On December 31, the Nets suffered a 113-93 loss to the San Antonio Spurs. It was their 11th loss by double-digits in the first 31 games of the season, in which their record was just 10-21. Paul Pierce, a centerpiece of the trade between the Nets and Boston Celtics last summer, which was expected to catapult Brooklyn up the ranks in the Eastern Conference, had enough.
“It’s embarrassing,” Pierce told the media after the game. “I don’t think I’ve been a part of this many blowouts in one season, already. At some point we’ve got to have our pride come from each individual and say we’ve had enough of this. It’s extremely embarrassing.”
Since January 1, the tide has turned over the Brooklyn Bridge. The Nets are an Eastern Conference best 30-13 in the New Year, and in the process have clinched a playoff berth. They are currently the five-seed in the East, but have remained in striking distance to catch the Toronto Raptors for the three-seed and first-place of the Atlantic Division. They have also turned the Barclays Center into a house of horrors for opponents, recording 14 consecutive victories at home.
There are many reasons as to how the Nets saved their season and transformed themselves from epic failures into legitimate title contenders. Kevin Garnett‘s New Year’s resolution may have helped, Jason Kidd‘s turnaround has surely played a factor but above all else, the Nets–as a team â€“-have become extremely efficient. And in the NBA, efficiency is key.
In 2014, numerous players have stepped up on the roster from top to bottom–but none more surprising than Shaun Livingston. His play at both guard positions has been monumental to the Nets’ success this season, so much so that general manager Billy King recently stated that re-signing him this offseason is “priority number one.”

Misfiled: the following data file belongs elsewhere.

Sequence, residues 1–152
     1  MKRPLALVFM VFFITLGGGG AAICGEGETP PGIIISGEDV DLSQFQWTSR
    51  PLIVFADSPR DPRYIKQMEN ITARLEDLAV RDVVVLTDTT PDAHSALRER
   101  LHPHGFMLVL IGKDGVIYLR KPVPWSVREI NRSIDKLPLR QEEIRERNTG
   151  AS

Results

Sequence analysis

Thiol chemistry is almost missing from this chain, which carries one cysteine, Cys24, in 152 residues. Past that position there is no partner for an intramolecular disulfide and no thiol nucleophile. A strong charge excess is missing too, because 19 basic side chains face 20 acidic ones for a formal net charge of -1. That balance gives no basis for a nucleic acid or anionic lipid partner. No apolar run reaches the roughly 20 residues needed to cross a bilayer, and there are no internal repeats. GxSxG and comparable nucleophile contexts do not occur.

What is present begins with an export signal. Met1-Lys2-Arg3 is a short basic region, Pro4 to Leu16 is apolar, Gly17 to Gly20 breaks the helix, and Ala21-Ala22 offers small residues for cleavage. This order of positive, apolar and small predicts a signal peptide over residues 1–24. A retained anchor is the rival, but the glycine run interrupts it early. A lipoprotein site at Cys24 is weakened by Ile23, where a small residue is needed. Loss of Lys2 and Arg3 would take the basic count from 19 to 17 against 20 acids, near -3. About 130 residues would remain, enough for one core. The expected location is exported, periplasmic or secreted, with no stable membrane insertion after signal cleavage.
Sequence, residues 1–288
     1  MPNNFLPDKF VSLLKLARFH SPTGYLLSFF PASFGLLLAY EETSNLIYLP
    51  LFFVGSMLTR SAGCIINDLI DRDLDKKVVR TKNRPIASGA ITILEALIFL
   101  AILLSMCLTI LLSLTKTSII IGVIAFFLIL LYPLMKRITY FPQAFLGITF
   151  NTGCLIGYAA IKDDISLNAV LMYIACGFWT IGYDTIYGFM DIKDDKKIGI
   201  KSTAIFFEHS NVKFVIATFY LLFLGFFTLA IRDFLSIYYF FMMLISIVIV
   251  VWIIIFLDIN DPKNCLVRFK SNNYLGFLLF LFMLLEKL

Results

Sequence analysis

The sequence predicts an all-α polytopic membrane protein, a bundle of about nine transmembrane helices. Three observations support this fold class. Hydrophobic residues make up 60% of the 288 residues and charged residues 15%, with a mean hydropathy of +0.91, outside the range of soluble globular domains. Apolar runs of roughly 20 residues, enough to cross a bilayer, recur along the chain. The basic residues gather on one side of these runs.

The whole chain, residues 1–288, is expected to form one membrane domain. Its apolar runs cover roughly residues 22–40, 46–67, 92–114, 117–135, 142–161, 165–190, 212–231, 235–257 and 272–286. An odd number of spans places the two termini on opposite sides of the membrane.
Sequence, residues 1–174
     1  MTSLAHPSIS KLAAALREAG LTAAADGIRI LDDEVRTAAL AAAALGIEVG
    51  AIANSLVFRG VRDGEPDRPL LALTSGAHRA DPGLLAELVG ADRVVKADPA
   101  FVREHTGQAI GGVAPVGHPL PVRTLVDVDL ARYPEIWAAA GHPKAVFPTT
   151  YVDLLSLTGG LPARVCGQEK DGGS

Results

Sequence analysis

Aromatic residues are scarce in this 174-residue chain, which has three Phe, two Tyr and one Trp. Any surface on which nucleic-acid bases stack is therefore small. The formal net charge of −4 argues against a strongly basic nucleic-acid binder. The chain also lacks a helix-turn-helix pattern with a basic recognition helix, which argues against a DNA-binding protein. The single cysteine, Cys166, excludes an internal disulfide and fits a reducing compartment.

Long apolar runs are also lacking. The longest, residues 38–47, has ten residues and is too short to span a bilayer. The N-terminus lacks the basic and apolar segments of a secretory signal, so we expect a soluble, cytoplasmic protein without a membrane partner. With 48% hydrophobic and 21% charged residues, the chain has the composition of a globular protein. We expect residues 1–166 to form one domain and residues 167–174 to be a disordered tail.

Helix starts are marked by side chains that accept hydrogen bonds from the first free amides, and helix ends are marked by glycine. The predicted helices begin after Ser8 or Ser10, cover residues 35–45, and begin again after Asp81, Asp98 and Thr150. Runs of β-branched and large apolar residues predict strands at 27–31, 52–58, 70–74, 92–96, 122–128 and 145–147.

It has become evident that the 28-year-old has found a rhythm, getting to the rim often and making it look easy. On shots in the paint but outside of the restricted area, Livingston is shooting 49.4 percent since the New Year–more than eight percent above the league average.
Below, he speaks with Devin Kharpertian of the Brooklyn Game on how he executes these types of plays:
As the video explains and the image above shows, he managed to get off the shot because Al Jefferson (squared in blue) opted to stay back on Andray Blatche as opposed to helping out Luke Ridnour on Livingston.
Earlier in that same game, Livingston used another effective drive for two more points. After Gerald Henderson jumped a screen set by Mason Plumlee, Livingston was able to get into the lane and in this instance, Jefferson did step up to challenge him. Yet, he quickly recognized this and dished it off to the cutting Plumlee for the easy dunk. Essentially, Jefferson respected Livingston’s inside shot enough to challenge him, which left the rookie wide-open underneath the basket.
There is, however, another issue the Bobcats are facing in the video above. As Livingston drives, Kemba Walker appears to be headed toward the paint, either to possibly steal the incoming pass to Plumlee or prevent the pass from coming in all together, but he quickly retreats back by the three-point line. This is because he realizes Joe Johnson (not pictured below), who averages over two three-pointers per game, is about as open as one can hope to be.
While these may seem like two minute, insignificant plays, this is a large part of how the Nets are an effective team in their half-court offense. Livingston has the ability to drive and either shoot or dish it off to two capable big men (Blatche and Plumlee are both shooting over 60 percent within eight feet of the basket) while Brooklyn also possesses talented shooters on the outside.